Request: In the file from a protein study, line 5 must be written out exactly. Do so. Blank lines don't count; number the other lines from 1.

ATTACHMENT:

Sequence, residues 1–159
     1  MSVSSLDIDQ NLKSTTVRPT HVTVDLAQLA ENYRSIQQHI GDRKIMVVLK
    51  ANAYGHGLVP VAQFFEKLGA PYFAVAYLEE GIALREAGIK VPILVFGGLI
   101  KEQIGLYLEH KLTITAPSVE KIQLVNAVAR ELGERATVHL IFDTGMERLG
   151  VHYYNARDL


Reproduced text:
   151  VHYYNARDL